RENO, NEV., JULY 16 -- Two young men who shot themselves in a deserted playground five years ago were influenced by subliminal messages to "do it, do it" in an album by the British rock band Judas Priest, a lawyer charged today as a suit against the band and CBS Records went to court here.
"What this case is is about making money," Vivian Lynch said in her opening statement. "Excitement is what the defendants were selling," she said. "Excitement is what the consumers were buying."
The lawsuit seeks unspecified damages. Relatives of the victims claim hidden messages in the album "Stained Class" spurred the two men to form a suicide pact. The band members strongly deny any such messages exist.
On the afternoon of Dec. 23, 1985, Raymond Belknap, 18, held a sawed-off shotgun to his chin and died instantly from a single blast. James Vance, 20, managed only to blow away the lower portion of his face. The two had been listening to the album repeatedly while drinking beer and smoking marijuana, their relatives said.
Though he survived the shooting, Vance underwent repeated operations and eventually died three years later of complications from his injuries and a reaction to medication.
Lynch, who represents Vance's family, told the court the audience targeted by the band was itself a "stained class" that craved excitement and that the band touted Satanism, sexual aggression, violence, suicide and death. "This case is about mind control," she said. "In this case, what pushed the boys over the edge into eternity was the subliminal push."
Lawyers for Judas Priest and CBS Records will argue it was the young men's troubled lives, including a history of drug and alcohol abuse, psychiatric disorders and physical abuse, that pushed them over the edge. They deny that the band promotes suicide or Satanism.
Washoe District Judge Jerry Carr Whitehead is presiding over the non-jury trial. He already has denied a defense motion to dismiss the case on grounds the Judas Priest album is protected by the First Amendment.
Whitehead said freedom-of-speech protections would not apply to subliminal messages. He said he was not convinced the hidden messages actually existed on the album, but left the argument to attorneys. The lawsuit is proceeding as a products liability case, with the band and record company accused of negligence and intentional and reckless misconduct.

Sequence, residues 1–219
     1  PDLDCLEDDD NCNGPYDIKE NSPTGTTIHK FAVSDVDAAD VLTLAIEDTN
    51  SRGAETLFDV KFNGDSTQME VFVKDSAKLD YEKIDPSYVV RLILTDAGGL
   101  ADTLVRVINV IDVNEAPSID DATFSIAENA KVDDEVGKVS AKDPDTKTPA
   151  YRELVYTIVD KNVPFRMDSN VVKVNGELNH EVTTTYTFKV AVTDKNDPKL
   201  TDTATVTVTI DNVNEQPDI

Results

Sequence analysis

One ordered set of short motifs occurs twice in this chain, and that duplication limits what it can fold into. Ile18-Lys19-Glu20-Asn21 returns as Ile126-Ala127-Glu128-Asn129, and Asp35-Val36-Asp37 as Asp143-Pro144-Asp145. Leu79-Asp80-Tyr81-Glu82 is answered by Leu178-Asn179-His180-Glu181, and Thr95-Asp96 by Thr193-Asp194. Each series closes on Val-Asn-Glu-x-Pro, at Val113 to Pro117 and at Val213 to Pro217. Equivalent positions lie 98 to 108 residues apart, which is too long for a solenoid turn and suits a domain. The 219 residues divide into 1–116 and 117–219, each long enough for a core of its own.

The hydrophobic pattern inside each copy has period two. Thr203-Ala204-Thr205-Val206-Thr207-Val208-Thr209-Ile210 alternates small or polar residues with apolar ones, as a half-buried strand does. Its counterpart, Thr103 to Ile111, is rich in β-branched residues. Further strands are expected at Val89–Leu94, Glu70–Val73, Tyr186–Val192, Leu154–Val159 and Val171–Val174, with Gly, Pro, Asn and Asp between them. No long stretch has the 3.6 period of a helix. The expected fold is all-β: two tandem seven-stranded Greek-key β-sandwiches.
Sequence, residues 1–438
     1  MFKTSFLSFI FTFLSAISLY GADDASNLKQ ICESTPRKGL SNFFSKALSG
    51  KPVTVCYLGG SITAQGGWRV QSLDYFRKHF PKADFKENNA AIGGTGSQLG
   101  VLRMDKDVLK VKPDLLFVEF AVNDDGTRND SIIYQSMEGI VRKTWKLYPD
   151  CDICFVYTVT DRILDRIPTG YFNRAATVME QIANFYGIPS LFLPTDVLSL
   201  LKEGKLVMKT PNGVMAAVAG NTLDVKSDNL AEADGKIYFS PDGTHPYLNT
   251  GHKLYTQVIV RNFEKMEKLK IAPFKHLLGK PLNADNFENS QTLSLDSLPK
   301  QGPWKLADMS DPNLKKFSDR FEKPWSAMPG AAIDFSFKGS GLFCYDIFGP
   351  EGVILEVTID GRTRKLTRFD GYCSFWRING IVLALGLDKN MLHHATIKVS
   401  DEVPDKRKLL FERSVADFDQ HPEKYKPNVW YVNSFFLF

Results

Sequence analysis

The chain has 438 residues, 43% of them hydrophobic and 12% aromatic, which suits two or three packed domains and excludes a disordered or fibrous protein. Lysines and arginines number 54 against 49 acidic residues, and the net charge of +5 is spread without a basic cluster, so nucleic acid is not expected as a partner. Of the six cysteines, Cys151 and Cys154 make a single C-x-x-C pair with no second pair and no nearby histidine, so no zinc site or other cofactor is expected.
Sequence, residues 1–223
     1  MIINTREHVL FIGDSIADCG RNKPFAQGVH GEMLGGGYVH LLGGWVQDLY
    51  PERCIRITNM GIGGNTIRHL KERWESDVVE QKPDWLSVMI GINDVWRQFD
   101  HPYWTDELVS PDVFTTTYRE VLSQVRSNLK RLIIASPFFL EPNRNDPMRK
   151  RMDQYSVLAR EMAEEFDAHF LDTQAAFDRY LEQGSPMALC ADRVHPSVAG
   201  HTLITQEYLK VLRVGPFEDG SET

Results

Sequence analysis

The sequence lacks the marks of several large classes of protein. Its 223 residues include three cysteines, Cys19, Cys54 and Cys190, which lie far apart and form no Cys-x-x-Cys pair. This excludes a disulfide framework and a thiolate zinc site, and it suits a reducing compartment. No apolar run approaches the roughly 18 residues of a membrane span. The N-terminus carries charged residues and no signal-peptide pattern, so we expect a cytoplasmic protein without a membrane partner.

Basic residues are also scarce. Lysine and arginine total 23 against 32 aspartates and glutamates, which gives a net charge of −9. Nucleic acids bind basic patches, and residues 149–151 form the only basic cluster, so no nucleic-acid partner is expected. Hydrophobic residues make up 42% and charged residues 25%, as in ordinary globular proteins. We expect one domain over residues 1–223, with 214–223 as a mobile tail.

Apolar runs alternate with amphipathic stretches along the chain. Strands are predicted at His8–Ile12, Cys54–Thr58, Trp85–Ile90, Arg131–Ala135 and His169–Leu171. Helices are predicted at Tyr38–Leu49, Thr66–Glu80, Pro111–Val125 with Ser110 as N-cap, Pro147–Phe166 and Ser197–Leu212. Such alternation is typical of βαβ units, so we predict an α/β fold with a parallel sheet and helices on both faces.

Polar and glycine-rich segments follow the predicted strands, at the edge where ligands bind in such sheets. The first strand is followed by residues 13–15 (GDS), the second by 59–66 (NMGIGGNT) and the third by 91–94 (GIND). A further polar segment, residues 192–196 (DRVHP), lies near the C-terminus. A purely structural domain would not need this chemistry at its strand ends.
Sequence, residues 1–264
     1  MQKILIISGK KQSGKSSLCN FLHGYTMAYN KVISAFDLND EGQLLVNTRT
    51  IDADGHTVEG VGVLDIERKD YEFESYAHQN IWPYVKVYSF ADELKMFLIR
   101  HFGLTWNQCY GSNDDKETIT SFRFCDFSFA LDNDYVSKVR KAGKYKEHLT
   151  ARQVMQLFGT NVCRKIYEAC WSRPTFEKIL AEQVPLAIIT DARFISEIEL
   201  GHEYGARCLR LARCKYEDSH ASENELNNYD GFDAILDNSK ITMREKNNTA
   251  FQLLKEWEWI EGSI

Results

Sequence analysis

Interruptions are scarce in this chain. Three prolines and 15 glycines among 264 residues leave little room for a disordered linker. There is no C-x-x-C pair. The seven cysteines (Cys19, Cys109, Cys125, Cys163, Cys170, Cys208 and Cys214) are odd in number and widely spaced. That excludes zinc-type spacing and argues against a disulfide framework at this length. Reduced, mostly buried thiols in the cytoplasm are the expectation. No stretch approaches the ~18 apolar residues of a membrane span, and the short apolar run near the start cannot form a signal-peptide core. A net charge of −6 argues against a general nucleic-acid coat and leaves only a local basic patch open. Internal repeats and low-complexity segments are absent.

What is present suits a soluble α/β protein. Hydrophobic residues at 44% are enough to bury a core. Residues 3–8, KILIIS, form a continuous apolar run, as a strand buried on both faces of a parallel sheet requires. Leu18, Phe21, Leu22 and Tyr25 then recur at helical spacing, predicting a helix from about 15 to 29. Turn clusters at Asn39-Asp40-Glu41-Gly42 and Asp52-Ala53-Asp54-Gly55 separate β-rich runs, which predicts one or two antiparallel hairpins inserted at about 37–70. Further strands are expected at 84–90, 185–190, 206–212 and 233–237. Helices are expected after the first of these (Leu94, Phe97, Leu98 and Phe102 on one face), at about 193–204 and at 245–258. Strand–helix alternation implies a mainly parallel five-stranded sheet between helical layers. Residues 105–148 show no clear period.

In one of the album's songs, "Beyond the Realms of Death," the band sings: "Yeah, I have left the world behind. I am safe now in my mind. I'm free to speak with my own mind. This is my life, this is my life, and I'll decide, not you."
But the trial will focus not on what the lyrics may have suggested, but whether there was a second, all-but-inaudible set of lyrics in the background.
"I don't believe that we'd have had the support and following that we've had for the past 17 years had we deliberately attempted to contrive to create songs where people did harm to themselves," lead singer Robert Halford said in a 1988 deposition. Band members will attend the trial, but attorneys said they have been unable to locate the original, multitrack recording of the album that could have made it easier to determine whether there were subliminal messages.
Attorneys for the families do not dispute that the two young men were troubled. But they argue in court filings that because of their faults, the two were "susceptible, influenced and vulnerable to the ideas, suggestions and emotions" allegedly hidden in the music.
Voluminous court documents paint the youths' lives as troublesome from early adolescence.
In 1978, a school psychologist from Livermore Valley Unified School District in California visited Vance's mother, Phyllis Vance, to discuss concerns about his behavior. The psychologist's report concluded that a "high possibility existed for James to respond violently to stressful situations and that this probability might increase as James is subjected to the additional stresses of adolescence." Vance was in the fifth grade at the time.
Both he and Belknap dropped out of school in the 10th grade. Records indicate they drifted among menial jobs, had several brushes with the law, carried guns and dreamed of becoming mercenaries.
In 1984 Vance allegedly made phone calls threatening to kill the mother and younger sister of his former girlfriend. And a week before his suicide, a complaint was filed against Belknap, charging him with animal torture for shooting a neighbor's cat with darts from a blowgun.